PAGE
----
Preparing Your Garden for Spring: Essential Tips for a Flourishing Season Ahead

With spring well on its way, now is the perfect time to prepare your garden for the season ahead. Spring season is a busy season for all gardeners, so these couple of months before spring are ideal for getting the garden spring-ready.

Before planting and sowing, you’ll need to ensure that your garden is well-maintained. To help you with your pre-spring preparations, we decided to gather some essential tips for a flourishing season ahead. Let’s check them out.

1. Clean out your garden beds

The first step in preparing your garden for spring is cleaning. Clean out your garden beds. Throughout fall and winter, garden beds get full of dead leaves, weeds, and debris.

Now is the perfect time to remove weeds from your garden beds before they go to seed. If you don’t do this now, you risk weeds spreading in more favorable conditions and destroying your plants. So, clean the beds, de-weed them, and prepare them for new plants. Also, while you’re at it, clear the borders of garden beds.  

2. Clean and wash your greenhouse

If you have a greenhouse in your garden, now is also the ideal time to clean and wash it. Simply, get the greenhouse ready for the following season. Sweep out all the debris, clean out pots and seed trays, and wash them to prevent diseases from spreading to your new plants.

Then, clean the outside of the greenhouse. Remove any algae, moss, or grime with water and detergent. Cleaning the outside will allow more light to get through. 

Lastly, don’t forget to inspect your greenhouse and check for broken parts.

3. Prepare soil

After all the garden beds have been cleaned out, it’s time to prepare the soil. The cold weather during the winter causes soil to become compact, so the first thing you’ll need to do is make it workable. 

The best way to do this is with a sharp spade or if you have a lot of ground to cover a motor tiller can be of great help. Turning the soil with these tools will help loosen it up.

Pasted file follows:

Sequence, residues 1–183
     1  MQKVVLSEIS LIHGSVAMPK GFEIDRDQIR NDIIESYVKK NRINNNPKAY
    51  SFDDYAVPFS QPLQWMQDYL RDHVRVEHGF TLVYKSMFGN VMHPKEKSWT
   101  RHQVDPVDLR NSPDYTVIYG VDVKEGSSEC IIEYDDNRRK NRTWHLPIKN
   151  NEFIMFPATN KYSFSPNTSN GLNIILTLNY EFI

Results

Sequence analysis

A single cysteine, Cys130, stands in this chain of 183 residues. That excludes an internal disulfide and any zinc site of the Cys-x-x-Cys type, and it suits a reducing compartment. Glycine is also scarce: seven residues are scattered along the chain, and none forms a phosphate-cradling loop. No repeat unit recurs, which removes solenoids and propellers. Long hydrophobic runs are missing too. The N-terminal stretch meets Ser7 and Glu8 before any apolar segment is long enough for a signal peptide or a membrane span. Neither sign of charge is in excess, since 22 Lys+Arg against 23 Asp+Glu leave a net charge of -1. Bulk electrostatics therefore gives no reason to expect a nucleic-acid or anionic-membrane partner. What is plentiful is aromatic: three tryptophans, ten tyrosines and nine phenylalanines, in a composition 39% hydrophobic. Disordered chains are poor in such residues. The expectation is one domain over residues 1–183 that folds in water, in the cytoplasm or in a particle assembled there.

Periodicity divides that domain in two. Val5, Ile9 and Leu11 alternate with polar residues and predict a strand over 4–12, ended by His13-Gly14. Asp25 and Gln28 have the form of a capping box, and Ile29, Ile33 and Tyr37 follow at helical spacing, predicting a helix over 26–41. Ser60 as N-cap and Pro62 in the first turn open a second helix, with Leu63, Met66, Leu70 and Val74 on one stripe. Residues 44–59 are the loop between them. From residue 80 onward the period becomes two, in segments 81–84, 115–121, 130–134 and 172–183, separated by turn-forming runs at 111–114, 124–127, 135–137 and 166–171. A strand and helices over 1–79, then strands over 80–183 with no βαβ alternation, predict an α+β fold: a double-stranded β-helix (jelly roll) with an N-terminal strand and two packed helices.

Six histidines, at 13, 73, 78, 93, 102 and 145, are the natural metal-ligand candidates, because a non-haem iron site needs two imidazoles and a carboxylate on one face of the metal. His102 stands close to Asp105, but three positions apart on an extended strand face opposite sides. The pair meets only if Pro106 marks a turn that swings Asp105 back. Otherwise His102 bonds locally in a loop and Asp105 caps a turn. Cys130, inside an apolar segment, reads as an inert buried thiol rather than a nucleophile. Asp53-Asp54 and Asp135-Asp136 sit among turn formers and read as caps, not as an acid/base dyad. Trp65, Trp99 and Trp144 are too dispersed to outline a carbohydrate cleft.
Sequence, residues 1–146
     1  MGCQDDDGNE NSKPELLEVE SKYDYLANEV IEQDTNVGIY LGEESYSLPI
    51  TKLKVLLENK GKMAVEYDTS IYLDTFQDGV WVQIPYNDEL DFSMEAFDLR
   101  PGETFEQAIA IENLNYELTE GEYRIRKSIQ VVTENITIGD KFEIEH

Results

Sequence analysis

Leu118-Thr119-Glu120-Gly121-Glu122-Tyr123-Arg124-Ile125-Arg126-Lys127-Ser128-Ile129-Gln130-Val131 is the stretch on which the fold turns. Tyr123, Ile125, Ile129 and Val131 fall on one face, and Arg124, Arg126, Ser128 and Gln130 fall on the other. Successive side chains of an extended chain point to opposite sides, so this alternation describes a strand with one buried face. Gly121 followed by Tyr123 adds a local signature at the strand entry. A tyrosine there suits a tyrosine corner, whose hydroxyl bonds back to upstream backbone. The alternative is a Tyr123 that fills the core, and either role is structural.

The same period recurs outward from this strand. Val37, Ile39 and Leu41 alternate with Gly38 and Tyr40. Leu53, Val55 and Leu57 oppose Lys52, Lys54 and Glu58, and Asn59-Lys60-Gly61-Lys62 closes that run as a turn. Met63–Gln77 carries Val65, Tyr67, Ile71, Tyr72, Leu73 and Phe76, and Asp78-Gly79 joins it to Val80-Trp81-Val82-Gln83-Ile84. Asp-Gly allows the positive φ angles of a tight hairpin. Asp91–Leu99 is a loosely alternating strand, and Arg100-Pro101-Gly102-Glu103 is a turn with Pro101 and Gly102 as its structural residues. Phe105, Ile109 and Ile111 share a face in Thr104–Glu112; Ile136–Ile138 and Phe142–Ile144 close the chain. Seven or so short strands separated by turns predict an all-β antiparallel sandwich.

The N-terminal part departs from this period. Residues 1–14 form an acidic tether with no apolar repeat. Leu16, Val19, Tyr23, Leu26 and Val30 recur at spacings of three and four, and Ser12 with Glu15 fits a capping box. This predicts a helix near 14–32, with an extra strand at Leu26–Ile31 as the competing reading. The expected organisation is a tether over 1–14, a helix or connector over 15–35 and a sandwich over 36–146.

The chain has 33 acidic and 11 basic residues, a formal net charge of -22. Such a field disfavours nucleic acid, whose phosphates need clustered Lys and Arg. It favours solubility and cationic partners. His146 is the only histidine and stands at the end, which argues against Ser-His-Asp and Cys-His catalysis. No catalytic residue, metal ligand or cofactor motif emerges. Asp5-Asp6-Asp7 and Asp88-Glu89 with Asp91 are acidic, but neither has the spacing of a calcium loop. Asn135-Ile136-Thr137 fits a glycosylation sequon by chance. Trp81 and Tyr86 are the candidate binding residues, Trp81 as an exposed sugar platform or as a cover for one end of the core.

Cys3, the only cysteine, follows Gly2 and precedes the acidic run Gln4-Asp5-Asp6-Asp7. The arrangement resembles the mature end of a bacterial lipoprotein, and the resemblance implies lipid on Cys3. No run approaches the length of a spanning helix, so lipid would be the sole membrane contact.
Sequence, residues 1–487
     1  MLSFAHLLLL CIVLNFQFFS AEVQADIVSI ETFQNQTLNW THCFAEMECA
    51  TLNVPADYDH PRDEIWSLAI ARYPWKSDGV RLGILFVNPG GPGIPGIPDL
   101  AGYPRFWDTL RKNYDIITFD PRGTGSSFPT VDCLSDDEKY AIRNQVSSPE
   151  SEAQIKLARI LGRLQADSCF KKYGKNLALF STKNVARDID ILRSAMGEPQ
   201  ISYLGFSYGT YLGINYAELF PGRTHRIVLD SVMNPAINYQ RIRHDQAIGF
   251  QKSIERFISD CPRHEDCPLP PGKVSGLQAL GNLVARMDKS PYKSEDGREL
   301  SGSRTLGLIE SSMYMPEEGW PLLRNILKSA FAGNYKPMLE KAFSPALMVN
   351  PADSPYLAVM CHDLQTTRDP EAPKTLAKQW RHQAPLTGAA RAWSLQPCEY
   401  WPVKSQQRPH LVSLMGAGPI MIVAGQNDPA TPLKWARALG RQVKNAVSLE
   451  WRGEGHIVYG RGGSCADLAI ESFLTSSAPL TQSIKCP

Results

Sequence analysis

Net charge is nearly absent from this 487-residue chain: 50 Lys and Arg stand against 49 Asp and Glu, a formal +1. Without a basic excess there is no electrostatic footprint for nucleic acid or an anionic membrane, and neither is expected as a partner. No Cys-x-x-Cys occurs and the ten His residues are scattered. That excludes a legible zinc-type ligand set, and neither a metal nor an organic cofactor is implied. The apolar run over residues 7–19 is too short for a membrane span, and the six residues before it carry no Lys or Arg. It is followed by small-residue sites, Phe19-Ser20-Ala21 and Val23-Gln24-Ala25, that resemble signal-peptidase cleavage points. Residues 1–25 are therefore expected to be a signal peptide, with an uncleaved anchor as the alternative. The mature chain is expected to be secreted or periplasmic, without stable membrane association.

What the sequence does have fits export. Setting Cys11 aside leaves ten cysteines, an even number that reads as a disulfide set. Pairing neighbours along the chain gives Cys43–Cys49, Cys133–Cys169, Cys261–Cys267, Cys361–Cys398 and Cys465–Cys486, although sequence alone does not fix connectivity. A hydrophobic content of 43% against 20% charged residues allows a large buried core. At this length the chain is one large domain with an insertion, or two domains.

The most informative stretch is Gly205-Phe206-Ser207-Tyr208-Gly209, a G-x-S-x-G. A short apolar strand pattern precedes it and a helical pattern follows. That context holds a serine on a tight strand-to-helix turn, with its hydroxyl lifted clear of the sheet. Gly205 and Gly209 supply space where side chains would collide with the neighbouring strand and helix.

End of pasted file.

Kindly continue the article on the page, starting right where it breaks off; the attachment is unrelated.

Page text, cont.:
After that, you can check the pH levels to ensure that it’s suitable for new plants.

4. Lay down mulch

Mulching can be done several times throughout the year. You can also lay it down in the late winter to prevent weeds from germinating and to avoid stepping on emerging bulbs.

However, if you’re going to be laying down mulch in the winter, make sure you choose the mulch that breaks down nicely and improves the soil. Also, don’t over-mulch because too much mulch is a perfect breeding ground for pests and diseases.

5. Prune your plants

Late winter is also a great time to prune your plants. Pruning is done for many different reasons, mostly to remove dead, broken, or injured parts of the plant, tree, or shrub. Pruning also stimulates growth and improves air circulation. On top of that, it has aesthetic qualities. 

So, take out your pruning tools such as pruning loppers, shears, saws, and other similar tools. Late winter is a perfect time to prune trees and shrubs because you can the branch structure and you can shape the plant however you want.

Plants you can start pruning at this time of year include hydrangea, honeysuckle, roses, wisteria, butterfly bush, and other similar plants. If you’re not sure which plants you can prune now, consult with a professional gardener.